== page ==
Michael A. King, Spring Mount
Some of us are living at the end of ethnic Mennonite subcultures. How we analyze or address our situations will differ; what I see in my contexts may not apply in others. But I find myself forced, as pastor, husband and father, to wrestle with the transition from ethnic Mennonitism.
Several factors have heightened my sense of needing to address this transition. Foremost is my experience as pastor at Spring Mount Mennonite Church. I was called to the congregation in 1997 as an interim pastor whose role, it was thought at the time, might include helping the congregation bury itself with dignity. Years of challenges had weakened the congregation, but as often as we discussed burial in those early days, the congregation refused to die, probably partly because having its back to the wall generated new urgency to work at turnaround.
It was unlikely this primarily Swiss-German congregation could again thrive by drawing more Swiss-German Mennonite members. We would somehow have to welcome participants from our local communities or die.
But how? The story is still being written. Yet at least two moves seem to have been essential to generating growth of community participation to the point that some Sundays a majority of worship participants were raised in settings other than Mennonite.
One factor has been strengthening connections with community networks. A key move here has been to hire Don McDonough, himself raised in and part of such a network, as associate pastor.
A second factor has been working at discerning this: What aspects of how Mennonites “do” church are rooted in Swiss-German ethnic heritage and so should not be imposed on participants of different ethnic backgrounds—many of whom start out thinking Mennonite = horse and buggy?
What aspects are part of the gospel core as viewed through the Anabaptist tradition that shaped but preceded the Mennonites who took their name from Menno Simons—the Catholic priest turned Anabaptist? To echo the Gentile versus Jewish discernment the apostle Paul enaged, what are the beyond-ethnic-culture factors with potential to be good news for persons of any background?
The need for such discernment was underscored again when I helped teach a course on Anabaptist history and theology offered in Pennsylvania settings often populated by Swiss-German Mennonites. At the outset I held up a copy of The Merging: A Story of Two Families and Their Child (DreamSeeker Books, 2000) by Evelyn King Mumaw. The cover shows my grandparents, Irvin and Cora King, in the classic plain clothing they wore throughout most of their lives. Beneath them is my Aunt Evie, also in plain dress.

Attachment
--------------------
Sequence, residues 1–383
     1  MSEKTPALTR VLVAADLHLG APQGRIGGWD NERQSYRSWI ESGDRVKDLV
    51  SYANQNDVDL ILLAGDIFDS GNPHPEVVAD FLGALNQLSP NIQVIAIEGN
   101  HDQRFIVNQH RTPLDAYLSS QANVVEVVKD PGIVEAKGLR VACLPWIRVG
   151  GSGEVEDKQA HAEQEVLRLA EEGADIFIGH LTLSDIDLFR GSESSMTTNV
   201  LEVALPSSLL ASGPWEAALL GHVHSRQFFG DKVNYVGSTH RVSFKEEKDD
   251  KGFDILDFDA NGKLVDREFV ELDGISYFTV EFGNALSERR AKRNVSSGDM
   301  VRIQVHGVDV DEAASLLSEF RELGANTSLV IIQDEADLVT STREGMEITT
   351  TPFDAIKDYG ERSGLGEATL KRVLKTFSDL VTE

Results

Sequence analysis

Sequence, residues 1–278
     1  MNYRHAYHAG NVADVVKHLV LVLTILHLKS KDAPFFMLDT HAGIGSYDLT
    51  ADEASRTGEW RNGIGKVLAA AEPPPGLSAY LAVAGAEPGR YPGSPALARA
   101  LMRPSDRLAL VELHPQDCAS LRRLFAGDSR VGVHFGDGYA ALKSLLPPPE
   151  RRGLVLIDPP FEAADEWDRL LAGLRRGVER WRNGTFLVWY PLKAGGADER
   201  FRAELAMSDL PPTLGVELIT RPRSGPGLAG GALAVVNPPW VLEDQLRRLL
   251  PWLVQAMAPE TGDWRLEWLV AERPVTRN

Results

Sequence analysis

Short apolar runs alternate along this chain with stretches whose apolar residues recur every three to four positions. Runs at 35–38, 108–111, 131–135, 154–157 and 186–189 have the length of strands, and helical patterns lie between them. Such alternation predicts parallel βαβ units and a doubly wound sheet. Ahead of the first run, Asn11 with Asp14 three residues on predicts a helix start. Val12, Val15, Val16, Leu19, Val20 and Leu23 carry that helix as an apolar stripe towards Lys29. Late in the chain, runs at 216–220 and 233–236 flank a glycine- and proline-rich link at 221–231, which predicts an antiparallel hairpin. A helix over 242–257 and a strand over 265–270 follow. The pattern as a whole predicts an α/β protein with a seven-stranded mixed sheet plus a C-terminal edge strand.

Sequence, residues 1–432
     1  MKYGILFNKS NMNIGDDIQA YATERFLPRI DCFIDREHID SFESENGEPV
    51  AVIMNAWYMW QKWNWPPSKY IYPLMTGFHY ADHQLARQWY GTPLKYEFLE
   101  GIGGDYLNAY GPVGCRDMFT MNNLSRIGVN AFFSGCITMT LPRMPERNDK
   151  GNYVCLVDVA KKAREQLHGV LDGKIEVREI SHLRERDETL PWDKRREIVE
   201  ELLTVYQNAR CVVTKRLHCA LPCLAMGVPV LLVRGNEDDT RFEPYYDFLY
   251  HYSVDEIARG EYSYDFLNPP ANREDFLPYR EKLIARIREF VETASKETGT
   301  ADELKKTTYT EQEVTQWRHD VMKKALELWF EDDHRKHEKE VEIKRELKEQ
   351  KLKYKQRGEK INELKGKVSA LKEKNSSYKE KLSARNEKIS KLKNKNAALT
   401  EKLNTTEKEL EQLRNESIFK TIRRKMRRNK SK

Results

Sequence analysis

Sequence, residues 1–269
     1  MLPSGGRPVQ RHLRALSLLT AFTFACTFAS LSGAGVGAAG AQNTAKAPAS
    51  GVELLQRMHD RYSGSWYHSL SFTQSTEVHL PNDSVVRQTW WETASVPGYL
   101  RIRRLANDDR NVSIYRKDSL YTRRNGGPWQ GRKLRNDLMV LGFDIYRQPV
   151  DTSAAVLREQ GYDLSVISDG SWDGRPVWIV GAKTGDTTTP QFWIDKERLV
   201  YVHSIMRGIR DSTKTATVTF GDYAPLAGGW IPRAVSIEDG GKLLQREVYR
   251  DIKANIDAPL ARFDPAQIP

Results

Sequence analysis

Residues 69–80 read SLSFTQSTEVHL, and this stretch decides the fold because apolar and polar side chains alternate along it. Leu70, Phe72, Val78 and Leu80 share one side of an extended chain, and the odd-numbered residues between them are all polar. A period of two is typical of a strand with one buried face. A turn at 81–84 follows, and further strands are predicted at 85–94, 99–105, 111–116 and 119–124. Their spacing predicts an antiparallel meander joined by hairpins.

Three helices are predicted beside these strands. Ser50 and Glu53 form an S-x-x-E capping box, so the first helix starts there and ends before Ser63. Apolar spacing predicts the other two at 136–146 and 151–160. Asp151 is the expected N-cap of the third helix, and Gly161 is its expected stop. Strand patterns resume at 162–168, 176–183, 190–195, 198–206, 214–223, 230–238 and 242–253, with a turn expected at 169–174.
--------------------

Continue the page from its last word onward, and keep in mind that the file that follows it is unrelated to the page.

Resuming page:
Just looking at that cover draws me back into still-living memories of growing up in that plain-dressing culture and all that such clothing symbolized. The cover plunges me back into images of growing up in the 1950s and 1960s as part of a community set apart, different, viewing those within its boundaries as members of the faithful remnant. The cover reminds me of being a young boy once so socialized into an alternate Mennonite country that I asked my father when I would get my own plain coat.
I invited Don to supplement my lectures with his perspectives as an Anabaptist who became Mennonite after growing up Lutheran. He is more strongly committed to being Anabaptist than whatever it means to be Mennonite. The world of my aunt’s book cover is not in his bones.
We expected the Anabaptist class that day to be maybe half ethnic Mennonites, like me, and half adult-choice Mennonites, like Don. I held up the cover as a doorway into my world and expected Don’s recounting of how a Lutheran became Mennonite to be a doorway into his world. Then all of us would ponder what it means to work in congregations mixing persons raised in Swiss-German ethnic Mennonite settings with those raised in other communities and ethnicities.
To our surprise, no students had been raised in Mennonite families. They knew about that plain-dressing separated world, but they knew of it only as what seemed to be a bygone age. We had to refocus our presentation. What does it mean to be Mennonite if being Mennonite involves no Swiss-German markers or memories of a set-apart community?